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The Combahee River Collective and Intersectionality in the Age of Identity

Written by Jess Womack. The Combahee River Collective grew out of disillusionments with "mainstream" feminism. Founded in the early 1980s by Black queer women, the Collective developed an "intersectional" approach to political activism.

Content Warning: This article contains discussion of racist and transphobic violence.

1974. Martin Luther King Jr. has been dead for six years and the issue of African American Civil Rights continues to divide the US. The Equal Rights Amendment, promising legislative equality on the basis of sex, battles for state ratifications as Second Wave Feminism sweeps the nation. New York City sees its fifth annual Pride Parade as it becomes clear that the dust from Stonewall is nowhere near close to settling. If the 1960s was America’s decade of mass mobilisation, the 1970s perhaps saw the greatest explosion of groups clambering for their rights to simply exist.

Enter the Combahee River Collective. Stemming out of growing disillusionments with mainstream feminism, the Collective was a Boston-based organisation of Black queer socialist activists. Quite simply, they argued that neither the Civil Rights nor Feminist movements addressed the specific interests of Black women. Named after the 1863 military campaign lead by Harriet Tubman that freed over 750 enslaved people, the Collective set about carving a space for themselves in the political landscape. Almost a decade of thought and activism culminated in the publishing of a Statement in 1980 that has been credited with the origin of the term “identity politics”, and as one of the earliest expression of intersectionality.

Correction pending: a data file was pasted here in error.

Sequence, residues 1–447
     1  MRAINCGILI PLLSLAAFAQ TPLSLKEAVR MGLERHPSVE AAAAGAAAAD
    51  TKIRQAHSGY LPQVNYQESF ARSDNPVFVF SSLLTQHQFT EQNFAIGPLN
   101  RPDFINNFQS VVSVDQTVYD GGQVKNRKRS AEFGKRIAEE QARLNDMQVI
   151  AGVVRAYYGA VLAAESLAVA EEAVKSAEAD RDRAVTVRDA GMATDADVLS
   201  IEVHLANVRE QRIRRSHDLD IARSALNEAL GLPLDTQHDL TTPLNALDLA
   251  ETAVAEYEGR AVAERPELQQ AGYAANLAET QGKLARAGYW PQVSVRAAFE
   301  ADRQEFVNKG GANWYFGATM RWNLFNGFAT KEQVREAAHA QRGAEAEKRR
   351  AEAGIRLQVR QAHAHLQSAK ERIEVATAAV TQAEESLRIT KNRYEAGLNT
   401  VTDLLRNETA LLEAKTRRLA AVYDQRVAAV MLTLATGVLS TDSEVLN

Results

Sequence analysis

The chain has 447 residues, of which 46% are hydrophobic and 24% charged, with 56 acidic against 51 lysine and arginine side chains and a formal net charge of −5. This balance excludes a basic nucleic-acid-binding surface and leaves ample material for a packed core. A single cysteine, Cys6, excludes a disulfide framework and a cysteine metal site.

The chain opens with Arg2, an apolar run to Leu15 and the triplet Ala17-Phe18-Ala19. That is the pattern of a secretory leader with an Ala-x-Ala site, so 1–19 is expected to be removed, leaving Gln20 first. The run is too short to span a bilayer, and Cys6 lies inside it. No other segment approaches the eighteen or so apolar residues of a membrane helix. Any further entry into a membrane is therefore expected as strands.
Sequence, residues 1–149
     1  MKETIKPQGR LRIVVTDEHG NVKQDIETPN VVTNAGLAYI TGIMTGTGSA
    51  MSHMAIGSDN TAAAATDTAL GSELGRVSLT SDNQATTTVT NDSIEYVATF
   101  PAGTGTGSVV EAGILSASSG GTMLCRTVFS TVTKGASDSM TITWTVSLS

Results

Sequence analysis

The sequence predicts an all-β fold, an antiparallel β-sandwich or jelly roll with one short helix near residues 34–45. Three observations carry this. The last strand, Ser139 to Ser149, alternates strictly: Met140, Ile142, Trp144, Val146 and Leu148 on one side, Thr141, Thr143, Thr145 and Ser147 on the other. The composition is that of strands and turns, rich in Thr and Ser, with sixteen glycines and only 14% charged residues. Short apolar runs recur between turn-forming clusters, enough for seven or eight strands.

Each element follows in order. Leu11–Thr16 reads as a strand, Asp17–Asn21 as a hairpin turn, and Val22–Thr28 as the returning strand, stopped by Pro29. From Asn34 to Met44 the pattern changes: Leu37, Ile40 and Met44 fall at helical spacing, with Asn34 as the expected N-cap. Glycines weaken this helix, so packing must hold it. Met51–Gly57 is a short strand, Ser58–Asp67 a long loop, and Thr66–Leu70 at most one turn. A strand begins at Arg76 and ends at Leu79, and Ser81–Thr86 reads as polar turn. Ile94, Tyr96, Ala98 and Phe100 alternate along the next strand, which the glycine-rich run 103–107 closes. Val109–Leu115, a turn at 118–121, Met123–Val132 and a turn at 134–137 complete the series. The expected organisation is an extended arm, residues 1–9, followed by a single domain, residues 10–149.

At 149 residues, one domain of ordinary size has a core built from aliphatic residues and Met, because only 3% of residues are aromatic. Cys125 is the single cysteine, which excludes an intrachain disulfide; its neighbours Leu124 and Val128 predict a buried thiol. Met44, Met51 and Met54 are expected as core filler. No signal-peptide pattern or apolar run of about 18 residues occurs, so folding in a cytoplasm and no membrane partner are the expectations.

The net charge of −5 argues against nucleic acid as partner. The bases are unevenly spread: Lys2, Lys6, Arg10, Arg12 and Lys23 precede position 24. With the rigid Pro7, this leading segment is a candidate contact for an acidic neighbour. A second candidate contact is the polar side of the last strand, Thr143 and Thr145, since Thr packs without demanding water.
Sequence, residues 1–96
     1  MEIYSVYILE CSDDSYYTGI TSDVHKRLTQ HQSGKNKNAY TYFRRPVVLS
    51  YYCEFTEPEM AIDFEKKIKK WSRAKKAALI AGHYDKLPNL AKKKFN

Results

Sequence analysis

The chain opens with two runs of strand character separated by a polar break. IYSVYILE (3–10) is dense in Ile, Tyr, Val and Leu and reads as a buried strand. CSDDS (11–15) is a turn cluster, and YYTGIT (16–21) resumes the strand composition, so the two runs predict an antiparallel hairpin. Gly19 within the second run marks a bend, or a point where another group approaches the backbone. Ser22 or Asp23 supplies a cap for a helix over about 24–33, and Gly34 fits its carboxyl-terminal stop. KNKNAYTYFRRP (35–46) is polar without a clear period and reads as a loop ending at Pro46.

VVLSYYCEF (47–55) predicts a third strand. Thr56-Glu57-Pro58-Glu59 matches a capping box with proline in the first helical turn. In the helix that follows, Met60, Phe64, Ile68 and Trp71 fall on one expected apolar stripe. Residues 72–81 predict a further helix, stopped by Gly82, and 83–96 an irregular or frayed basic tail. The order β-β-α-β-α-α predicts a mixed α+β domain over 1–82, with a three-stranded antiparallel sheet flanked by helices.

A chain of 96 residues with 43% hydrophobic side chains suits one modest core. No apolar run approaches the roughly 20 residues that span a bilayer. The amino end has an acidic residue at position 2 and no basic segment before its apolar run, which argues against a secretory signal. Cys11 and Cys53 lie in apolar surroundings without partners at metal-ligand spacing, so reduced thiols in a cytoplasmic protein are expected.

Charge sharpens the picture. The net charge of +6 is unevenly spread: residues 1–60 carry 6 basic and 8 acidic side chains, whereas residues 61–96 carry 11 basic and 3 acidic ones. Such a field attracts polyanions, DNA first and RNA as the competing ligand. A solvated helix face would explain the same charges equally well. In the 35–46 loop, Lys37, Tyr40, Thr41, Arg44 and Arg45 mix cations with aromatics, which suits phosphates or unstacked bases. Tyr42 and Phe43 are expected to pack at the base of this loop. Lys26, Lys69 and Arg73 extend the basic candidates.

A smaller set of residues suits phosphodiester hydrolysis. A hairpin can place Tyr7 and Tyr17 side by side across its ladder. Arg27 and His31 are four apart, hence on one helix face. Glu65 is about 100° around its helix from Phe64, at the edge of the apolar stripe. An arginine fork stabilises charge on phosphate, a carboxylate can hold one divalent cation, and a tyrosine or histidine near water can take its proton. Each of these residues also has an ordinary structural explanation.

The Collective were not the first women to highlight racism inherent within feminism, nor were they the originators of Black feminist thought. Instead, they situated themselves within a tradition that stemmed from Sojourner Truth to Ida B. Wells, reorientating that tradition to the issues of the decade. Much of Second Wave Feminism was based on the needs and interests of middle-class white women, who sought liberation from the home. There was little consideration of the domestic workers, overwhelmingly women of colour, who would look after children once white women were free to enter the workforce. Outside of more radical groups, there was no place for queer women’s concerns. Most white activists were college-educated, and well-off enough to not have to consider economic reality alongside political aims. Furthermore, rhetoric of a united women’s movement did not allow space for dissent, nor difference. Even when white women were committed to racial equality, their segregated upbringings and class privilege often meant that the movement they lead was not attractive to many Black women.